The potential uses of internet access are abundant: education, job training, medical resources, advancements in farming and agriculture, communication with people across the world, all available at the touch of a button. For many communities, however, that online world is something out of science fiction. Women, children, and entire societies fly under the radar of education and international support simply because they live without access to the world’s information superhighway.
The game development world is changing. And it’s changing for the better.
At PAX Unplugged, held in Philadelphia from December 6-8, developers and fans alike gathered for a weekend of celebrating one of our favorite pastimes: analog board games. The atmosphere at this convention was different from others I’ve been to in the past. The excitement was there, of course, as was the kid-in-a-candy-shop feeling that permeated the Expo Hall, but there was an edge to the proceedings that I haven’t felt before, a conversation that started a few years ago and is turning into one of the most compelling threads in game development today.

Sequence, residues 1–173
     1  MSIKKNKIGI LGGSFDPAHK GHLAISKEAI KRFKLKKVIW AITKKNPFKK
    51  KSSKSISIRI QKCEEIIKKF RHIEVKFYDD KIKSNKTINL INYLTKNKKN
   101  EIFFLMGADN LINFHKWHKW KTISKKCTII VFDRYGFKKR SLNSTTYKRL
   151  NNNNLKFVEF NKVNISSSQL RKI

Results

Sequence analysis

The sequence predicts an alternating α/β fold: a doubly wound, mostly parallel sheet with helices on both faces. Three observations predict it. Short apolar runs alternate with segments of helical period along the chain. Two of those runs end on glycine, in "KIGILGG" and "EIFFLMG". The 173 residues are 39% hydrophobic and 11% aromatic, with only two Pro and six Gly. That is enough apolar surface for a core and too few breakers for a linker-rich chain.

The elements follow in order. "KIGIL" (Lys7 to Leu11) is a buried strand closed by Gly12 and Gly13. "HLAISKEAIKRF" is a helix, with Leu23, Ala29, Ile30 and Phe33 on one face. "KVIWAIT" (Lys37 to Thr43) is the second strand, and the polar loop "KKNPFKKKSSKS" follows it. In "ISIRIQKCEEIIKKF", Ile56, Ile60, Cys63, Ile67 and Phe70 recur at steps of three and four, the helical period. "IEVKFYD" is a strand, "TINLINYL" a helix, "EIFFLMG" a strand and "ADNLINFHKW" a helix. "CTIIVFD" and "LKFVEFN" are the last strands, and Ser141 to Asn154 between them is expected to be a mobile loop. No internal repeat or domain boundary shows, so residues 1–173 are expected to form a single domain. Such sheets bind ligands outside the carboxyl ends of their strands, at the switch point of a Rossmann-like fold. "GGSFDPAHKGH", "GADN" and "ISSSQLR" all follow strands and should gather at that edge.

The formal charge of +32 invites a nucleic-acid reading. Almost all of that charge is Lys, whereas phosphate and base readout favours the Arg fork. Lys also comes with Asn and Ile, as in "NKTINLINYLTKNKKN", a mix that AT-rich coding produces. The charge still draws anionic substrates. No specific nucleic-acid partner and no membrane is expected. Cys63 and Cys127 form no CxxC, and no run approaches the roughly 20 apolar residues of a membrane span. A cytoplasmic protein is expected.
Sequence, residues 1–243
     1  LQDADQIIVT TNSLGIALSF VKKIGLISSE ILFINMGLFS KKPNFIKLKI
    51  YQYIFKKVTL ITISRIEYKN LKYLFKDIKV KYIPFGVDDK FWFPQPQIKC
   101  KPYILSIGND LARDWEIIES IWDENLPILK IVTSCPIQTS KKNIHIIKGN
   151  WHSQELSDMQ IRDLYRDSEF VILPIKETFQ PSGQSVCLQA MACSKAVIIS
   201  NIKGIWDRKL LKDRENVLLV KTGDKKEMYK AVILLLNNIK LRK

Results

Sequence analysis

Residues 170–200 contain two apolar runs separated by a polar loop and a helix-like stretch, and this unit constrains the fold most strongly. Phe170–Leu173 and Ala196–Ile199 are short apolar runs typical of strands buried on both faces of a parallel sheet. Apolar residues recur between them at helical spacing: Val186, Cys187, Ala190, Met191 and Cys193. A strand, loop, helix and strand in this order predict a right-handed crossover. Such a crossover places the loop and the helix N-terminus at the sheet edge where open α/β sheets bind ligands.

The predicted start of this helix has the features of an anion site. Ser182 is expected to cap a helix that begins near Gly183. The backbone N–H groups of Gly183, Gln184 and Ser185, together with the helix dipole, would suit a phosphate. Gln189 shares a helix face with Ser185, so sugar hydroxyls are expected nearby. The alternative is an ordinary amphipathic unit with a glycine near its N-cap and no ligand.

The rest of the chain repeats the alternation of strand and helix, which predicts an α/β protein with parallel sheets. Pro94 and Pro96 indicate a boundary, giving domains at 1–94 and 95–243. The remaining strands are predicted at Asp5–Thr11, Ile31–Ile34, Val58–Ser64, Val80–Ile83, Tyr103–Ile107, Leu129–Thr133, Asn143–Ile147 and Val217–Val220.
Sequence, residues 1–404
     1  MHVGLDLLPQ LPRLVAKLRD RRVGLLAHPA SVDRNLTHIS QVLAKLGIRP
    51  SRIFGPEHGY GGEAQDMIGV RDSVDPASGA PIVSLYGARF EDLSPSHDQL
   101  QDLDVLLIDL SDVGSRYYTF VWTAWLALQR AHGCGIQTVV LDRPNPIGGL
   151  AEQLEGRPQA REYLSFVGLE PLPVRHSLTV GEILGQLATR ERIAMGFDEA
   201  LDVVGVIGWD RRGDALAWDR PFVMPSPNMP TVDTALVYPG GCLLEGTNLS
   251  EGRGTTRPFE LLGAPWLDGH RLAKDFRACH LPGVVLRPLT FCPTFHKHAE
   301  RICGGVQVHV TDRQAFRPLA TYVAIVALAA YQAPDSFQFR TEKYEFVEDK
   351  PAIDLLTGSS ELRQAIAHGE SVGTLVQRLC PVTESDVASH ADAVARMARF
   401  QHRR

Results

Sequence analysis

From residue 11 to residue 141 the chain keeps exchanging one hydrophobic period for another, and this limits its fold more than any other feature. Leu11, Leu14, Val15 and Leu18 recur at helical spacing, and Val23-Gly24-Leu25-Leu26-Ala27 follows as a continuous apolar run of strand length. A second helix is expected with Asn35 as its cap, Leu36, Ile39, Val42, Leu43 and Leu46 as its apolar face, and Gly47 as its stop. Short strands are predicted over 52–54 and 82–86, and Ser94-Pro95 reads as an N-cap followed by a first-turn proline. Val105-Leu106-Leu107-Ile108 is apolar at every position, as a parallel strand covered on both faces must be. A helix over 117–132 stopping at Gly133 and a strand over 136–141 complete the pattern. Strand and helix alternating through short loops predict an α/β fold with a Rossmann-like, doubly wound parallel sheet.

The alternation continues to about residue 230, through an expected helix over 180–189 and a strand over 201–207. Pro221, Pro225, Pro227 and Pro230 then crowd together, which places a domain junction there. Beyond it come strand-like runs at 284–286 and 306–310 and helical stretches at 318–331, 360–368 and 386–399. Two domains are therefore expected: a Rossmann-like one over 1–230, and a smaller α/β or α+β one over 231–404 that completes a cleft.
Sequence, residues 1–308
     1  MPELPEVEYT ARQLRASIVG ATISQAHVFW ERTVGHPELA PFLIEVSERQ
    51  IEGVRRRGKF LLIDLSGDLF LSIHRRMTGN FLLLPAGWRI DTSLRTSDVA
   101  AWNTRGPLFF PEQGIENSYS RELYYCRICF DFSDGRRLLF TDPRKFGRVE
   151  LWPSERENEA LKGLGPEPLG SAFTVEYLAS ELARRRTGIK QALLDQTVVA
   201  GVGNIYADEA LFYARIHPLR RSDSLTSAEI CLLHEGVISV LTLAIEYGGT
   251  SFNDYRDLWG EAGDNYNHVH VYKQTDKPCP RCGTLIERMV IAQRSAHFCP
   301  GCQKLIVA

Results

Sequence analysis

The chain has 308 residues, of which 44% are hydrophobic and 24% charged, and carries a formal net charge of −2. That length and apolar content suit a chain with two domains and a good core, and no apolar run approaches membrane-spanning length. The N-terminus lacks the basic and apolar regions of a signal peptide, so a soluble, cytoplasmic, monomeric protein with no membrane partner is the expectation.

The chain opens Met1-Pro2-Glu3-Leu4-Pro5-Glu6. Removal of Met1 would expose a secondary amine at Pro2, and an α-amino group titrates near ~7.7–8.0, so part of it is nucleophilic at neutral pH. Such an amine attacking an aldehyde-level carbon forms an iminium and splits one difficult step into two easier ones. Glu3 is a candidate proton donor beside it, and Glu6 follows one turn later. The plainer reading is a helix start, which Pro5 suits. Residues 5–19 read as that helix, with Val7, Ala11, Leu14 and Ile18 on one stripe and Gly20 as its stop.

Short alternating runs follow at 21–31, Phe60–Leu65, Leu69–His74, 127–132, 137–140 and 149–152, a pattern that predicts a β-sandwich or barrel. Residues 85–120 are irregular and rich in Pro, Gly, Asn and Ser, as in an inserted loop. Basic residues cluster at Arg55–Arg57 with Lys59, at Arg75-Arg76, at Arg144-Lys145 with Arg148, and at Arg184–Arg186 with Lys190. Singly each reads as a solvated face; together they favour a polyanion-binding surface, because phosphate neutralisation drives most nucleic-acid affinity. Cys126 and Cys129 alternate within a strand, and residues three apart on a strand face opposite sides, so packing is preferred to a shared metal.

For generations, games were seen as something of a “boy’s club,” an industry dominated by white, male players consuming games and media designed by white, male-dominated studios. While there is still much work to be done in this arena, progress is on its way.
LEHI, Utah, Dec. 12, 2019 /PRNewswire/ — The #MeToo era has helped empower women to disclose their experience with sexual abuse, the next steps toward healing are often unclear. The Younique Foundation has taken on the mission to answer the call. The nonprofit’s “Haven Retreat” is specifically designed for adult female survivors of childhood sexual abuse. The four-day retreat is filled with activities that provide participants with tools to help on their healing journey. The Younique Foundation is currently celebrating the 3000th survivor to attend its retreat.
Over four days, participants are treated as guests at a beautiful remote retreat where licensed mental health clinicians oversee the program. Classes are offered in a supportive community with other survivors. Classes include topics such as overcoming shame, practicing mindfulness, and healthy body image. Yoga and Muay Thai are also offered.